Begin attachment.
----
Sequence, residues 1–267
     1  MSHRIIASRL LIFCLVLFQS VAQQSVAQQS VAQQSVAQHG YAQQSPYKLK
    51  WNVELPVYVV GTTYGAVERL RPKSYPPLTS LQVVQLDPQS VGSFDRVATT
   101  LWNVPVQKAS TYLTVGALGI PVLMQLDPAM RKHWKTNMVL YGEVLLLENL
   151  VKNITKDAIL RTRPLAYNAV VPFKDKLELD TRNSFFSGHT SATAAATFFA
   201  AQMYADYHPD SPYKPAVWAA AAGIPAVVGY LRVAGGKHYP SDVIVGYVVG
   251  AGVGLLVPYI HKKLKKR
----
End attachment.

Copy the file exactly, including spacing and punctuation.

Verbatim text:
Sequence, residues 1–267
     1  MSHRIIASRL LIFCLVLFQS VAQQSVAQQS VAQQSVAQHG YAQQSPYKLK
    51  WNVELPVYVV GTTYGAVERL RPKSYPPLTS LQVVQLDPQS VGSFDRVATT
   101  LWNVPVQKAS TYLTVGALGI PVLMQLDPAM RKHWKTNMVL YGEVLLLENL
   151  VKNITKDAIL RTRPLAYNAV VPFKDKLELD TRNSFFSGHT SATAAATFFA
   201  AQMYADYHPD SPYKPAVWAA AAGIPAVVGY LRVAGGKHYP SDVIVGYVVG
   251  AGVGLLVPYI HKKLKKR